Artist residency (2017)
Artist and composer Hanna Tuulikki began a Leverhulme Trust funded Artist in Residence programme with Kirby’s research group, spending 2 days a week embedded in CLE over 9 months. The residency allowed Tuulikki to explore how concepts from Kirby’s research, such as iterated learning and the emergence of structure, could be applied in new artistic contexts.
At the end of the residency, Tuulikki produced a fully sketched out plan for a new multi-disciplinary performance artwork, HOST, plus accompanying video installation, which draws directly on core principles of Kirby’s work on language evolution: improvisation, interaction, iteration.
Concrete Antenna (2015)
How can a place come into being?
Concrete Antenna is a sound installation in the new Edinburgh Sculpture Workshop tower, incorporating material from linguistic archives alongside recordings of demolition, birdsong, fishing boats, and train whistles to evoke the building’s industrial heritage and coastal location.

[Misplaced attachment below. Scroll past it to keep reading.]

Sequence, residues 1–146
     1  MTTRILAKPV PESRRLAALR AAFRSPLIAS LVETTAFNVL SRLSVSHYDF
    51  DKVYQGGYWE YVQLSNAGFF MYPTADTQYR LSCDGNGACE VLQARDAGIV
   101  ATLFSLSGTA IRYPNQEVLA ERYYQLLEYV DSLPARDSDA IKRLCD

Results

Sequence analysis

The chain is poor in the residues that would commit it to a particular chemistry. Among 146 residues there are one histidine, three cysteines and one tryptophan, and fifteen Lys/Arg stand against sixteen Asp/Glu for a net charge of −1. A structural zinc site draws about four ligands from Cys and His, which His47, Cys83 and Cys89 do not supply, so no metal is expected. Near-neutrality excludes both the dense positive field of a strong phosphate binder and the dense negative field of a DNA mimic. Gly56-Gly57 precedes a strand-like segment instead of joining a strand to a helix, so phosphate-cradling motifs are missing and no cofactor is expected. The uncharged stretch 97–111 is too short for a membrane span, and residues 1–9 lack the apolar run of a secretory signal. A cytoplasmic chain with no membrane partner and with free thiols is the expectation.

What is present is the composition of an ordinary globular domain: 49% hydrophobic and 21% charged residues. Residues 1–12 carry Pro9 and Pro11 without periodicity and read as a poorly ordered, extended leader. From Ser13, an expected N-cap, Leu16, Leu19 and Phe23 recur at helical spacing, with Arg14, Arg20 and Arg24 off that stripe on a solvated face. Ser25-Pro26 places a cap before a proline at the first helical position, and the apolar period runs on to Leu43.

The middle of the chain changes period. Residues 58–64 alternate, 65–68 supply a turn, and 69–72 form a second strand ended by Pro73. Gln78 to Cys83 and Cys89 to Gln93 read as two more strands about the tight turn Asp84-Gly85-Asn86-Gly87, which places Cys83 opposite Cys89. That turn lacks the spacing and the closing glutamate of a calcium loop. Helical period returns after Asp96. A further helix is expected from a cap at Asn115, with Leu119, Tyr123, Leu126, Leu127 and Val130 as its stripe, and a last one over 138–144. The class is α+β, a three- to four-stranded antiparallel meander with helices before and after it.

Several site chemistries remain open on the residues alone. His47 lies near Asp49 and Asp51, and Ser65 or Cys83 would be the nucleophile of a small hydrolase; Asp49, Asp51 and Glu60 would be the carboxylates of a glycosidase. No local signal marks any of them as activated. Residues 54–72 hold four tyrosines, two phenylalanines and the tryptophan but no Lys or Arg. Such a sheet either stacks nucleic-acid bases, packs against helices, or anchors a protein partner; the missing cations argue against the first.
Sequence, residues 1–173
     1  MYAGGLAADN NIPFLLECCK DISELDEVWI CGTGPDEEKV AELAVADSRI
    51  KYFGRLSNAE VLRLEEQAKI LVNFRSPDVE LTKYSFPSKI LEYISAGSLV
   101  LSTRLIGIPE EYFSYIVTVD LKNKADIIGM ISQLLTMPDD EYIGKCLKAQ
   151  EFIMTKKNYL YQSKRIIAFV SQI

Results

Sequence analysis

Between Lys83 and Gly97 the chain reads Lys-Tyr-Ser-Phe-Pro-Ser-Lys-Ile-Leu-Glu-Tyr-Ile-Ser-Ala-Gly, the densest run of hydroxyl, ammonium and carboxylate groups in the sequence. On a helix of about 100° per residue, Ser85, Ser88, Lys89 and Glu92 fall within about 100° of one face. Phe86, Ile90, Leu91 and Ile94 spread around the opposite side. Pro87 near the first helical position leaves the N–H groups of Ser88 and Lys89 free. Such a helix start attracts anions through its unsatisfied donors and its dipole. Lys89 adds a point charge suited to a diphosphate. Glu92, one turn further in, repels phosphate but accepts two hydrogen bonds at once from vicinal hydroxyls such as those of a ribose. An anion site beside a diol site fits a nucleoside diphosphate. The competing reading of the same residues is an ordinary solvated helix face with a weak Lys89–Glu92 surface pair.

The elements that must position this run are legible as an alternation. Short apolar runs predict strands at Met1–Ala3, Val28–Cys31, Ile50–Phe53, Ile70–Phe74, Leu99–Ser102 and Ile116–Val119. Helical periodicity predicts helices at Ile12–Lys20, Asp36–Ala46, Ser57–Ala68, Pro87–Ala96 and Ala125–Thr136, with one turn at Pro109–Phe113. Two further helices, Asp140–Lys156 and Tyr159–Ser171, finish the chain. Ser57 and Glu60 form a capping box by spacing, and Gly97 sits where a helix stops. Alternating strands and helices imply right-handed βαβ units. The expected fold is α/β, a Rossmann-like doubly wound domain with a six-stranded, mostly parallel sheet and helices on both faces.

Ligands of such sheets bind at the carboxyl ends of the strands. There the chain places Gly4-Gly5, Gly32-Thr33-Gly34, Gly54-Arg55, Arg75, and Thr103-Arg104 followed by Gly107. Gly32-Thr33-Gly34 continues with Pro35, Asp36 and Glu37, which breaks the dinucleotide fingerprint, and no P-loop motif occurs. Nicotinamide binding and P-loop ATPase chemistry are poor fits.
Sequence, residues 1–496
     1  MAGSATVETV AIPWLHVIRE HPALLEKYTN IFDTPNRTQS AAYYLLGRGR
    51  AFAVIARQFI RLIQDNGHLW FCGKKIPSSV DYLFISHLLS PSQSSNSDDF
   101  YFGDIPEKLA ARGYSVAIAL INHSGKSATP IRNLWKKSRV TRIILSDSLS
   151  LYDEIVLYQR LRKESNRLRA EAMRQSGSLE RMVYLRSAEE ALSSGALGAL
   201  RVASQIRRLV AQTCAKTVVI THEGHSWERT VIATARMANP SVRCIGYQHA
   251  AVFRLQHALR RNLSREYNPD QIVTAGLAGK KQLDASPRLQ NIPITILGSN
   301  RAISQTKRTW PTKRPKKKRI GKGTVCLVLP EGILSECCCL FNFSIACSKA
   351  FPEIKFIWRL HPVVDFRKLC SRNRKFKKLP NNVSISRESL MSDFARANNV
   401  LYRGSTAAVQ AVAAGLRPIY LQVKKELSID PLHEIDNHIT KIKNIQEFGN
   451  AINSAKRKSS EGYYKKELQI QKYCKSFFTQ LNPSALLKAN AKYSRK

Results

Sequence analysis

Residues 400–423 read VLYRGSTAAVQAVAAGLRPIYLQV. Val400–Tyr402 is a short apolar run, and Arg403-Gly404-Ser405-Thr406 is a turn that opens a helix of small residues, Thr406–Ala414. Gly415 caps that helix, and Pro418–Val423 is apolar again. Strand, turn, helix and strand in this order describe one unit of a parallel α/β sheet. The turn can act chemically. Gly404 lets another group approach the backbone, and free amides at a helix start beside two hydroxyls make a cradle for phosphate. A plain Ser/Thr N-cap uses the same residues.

The installation led to a spin-off album (Score Tae The Toor) released by Random Spectacular in 2016 and showcased on BBC 6 Music, the Wire, Mojo, BBC Radio Scotland and BBC Radio 3 (where it was Late Junction record of the week).
Score Tae The Toor’s release was accompanied by a limited edition book featuring a collection of writers’ responses to the installation.
Collaborations with FOUND
Collaborations with FOUND (an Edinburgh-based band and arts collective) allowed artists, the public, and researchers to creatively explore the relationship between humans and cultural products.
Is your memory as reliable as you think?
#UNRAVEL is a collaboration with celebrated lyricist Aidan Moffat, which invites visitors to play records and hear stories from a Narrator’s past. Despite the seemingly reliable nature of records, the stories heard by visitors change, responding to the audience, environment, and online opinion. The message is that memory is unreliable and constructed through interaction. It is these changes and reconstructions that occur through repeated interactions which Professor Kirby cites as crucial for language to evolve.
#UNRAVEL received a £42,000 Creative Scotland Vital Spark award (2011). It was exhibited at Inspace (Edinburgh), the Glasgow International Festival of Visual Art, Glasgow's Sonica Festival and the TEDGlobal exhibition.
End of Forgetting (2010)
How should we live in a world where the Internet records everything, forgets nothing?